The Christian Right needs to step out of their fantasy world and accept the fact that religion, especially Christianity, did NOT invent the concept of “marriage”.  For millennia prior the possible birth of the Christ figure, “marriage” was a legal contract to transfer ownership of chattel that included livestock and daughters, from one man to another.  Later, pagan mythologies romanticised marriage.  Cicero, nearly two centuries prior to Christianity, wrote casually of marriage between two men, indication it was common enough and generally accepted.  Christians don’t get to have a monopoly on the word “marriage” because they didn’t invent the concept of marriage.  You may think it’s “pragmatic” to tell me to go use the “GBLTs only” drinking fountain of “civil unions”, but the reality is that you’re denying me a right that would have been guaranteed to me if a certain little Abrahamic death cult didn’t get so stupidly popular, you are denying me my religious heritage, and you are denying me  and my partner the basic dignities that being married entails.

  • Edana Winema

    The same Christians who quote biblical passages so self righteously to prevent the union of others don’t seem to find the same intensity of religious fervor when divorcing in the face of the vow they made before their god …”What therefore God hath joined together, let not man put asunder’

  • Kilmrnock

    And i too agree the  RR is doomed , and in the near future as the old guard dies off will loose it’s hold on power . But for now we have to deal w/ these Wackos . The RR is too well  organised and funded not to take seriously . I personaly think not using hot button terms that play into thier game plan will help us equity supporters and the LGBT community meet our not unreasonable goals . I am not forgetting these people donot like or care much for us pagans as well . Altho i am straight , i fully support our LGBTQ brothers and sisters , many of which are pagans .I think approaching  this as a equal rights issue w/o bring  religion into the picture stands a better chance of favorable results .Using the term Marriage allowes the RR to bring thier , unfortunatly dominate , religious views into the discussion .This is why i prefer to the term Civil Union w/ all the same rights . Sorry if i rambled on a bit , just wanted to clearify my views on this matter .     Kilm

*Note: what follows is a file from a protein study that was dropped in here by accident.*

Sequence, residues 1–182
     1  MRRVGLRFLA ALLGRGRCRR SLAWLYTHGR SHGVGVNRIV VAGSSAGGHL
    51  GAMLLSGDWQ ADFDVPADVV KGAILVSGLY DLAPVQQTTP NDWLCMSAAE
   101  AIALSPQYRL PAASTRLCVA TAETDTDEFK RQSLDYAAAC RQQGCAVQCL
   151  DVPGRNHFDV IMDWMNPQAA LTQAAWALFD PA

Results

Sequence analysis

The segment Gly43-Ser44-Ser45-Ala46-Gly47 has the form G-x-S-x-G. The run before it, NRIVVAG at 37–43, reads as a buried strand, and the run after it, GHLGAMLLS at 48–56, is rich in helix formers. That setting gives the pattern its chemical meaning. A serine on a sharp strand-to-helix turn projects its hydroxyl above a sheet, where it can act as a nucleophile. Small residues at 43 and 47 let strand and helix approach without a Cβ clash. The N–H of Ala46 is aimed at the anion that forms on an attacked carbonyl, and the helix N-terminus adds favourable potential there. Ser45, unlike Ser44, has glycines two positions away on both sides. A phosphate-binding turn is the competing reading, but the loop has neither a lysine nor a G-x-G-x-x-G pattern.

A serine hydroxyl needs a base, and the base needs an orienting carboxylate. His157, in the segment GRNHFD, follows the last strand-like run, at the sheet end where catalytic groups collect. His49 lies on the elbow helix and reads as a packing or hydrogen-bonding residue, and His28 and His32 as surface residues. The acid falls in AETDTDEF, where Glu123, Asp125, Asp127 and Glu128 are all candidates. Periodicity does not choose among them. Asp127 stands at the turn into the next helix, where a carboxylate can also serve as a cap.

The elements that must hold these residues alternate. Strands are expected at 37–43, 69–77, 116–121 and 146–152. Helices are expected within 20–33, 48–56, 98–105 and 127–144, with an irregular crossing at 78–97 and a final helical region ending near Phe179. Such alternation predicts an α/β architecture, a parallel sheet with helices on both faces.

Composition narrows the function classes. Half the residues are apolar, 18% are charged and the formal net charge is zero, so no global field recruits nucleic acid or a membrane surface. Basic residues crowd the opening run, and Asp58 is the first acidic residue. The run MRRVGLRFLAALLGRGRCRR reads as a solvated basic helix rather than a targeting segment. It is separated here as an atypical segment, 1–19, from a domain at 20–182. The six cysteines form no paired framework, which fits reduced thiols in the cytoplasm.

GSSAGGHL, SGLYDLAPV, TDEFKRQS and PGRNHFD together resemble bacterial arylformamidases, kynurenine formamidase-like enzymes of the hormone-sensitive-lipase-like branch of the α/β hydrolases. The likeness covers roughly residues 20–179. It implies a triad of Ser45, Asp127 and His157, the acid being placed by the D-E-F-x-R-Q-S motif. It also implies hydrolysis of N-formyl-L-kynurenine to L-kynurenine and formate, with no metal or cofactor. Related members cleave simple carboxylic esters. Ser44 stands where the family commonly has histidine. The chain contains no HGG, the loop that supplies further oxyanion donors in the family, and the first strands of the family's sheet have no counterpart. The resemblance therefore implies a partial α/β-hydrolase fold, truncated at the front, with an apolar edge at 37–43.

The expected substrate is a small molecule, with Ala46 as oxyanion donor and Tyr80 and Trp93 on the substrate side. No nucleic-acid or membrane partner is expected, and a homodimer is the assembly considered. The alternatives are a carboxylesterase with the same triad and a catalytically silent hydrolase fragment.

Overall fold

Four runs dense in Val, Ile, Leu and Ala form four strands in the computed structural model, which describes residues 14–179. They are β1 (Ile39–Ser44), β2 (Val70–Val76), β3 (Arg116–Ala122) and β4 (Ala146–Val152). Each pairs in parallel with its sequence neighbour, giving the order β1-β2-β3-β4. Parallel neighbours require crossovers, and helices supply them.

• Kilmrnock

    And just for clarities  sake , part of the  many that use the term Gay Marriage to fire up the RR are the RR themselves .

  • Kilmrnock

    I can understand and agree w/ all eveyone is saying , i’m not quite sure a Civil Union is going to create 2nd class citizens , as black segragation did . I was just stating a pragmatic approach  to get to a much needed goal . As i said a way to avoid religiuos arguements , take away the RR’s main piece of ammo.As long as civil unions have all the same rights , i don’t understand what the problem is .As long as the RR is so well entrenched i was trying to state a way to get around them by usuing a equal rights arguement and keeping religion completly out of it . Kilm

    • http://www.peacockfairy.com Ruadhán J McElroy

       If you seriously believe this “civil unions but just not marriage” is the “pragmatic approach” that somehow would not create an inferior second class akin to Jim Crow, then you really don’t understand how that “separate but equal” BS works.  The reason that racially motivated “separate but equal” was a complete failure is because no matter how much the law stated that things were supposed to be equal between both “white only” and “coloured only” schools, railway cars, and public latrines, in practice, those things were not maintained as “equal”:  “Coloured only” schools received less funding and thus used out-of-date textbooks, “coloured only” lavvies were absolutely filthy, and the “coloured only” sections of white-owned restaurants were poorly waited on.  In theory, it was supposed to be equal, but in practise, it was far from equal.

      Thus the GBLT community has no reason to assume any better treatment in practise, no matter how much the laws might insist on “separate but equal” treatment of Cissexual Heterosexual-only Marriage and GBLT-only Civil Unions.  Insurance and inheritance claims want people to be married, not “united”.  Hospitals want a person’s spouse, not “civil partner”.  Immigration laws want people married.  Het couples wherein only one partner is TS can move to a different state and have their marriage completely voided because while one state recognises them as a heterosexual couple, the other recognises them as same-sex.  Even one homophobic administrator in any situation with enough legal funding (and believe me, there are more of them than there are GBLT people wanting to marry) can prevent equal treatment of same-sex or even TS (or partners of TS) spouses from claiming their rights because of the legal loophole that if “marriage” and “civil unions” were truly intended to be “separate and EQUAL”, then they’d be called the same thing.  But since, in your hypothetical “pragmatic” compromise, they won’t be called the same thing, there is no legal justification for treating them equally.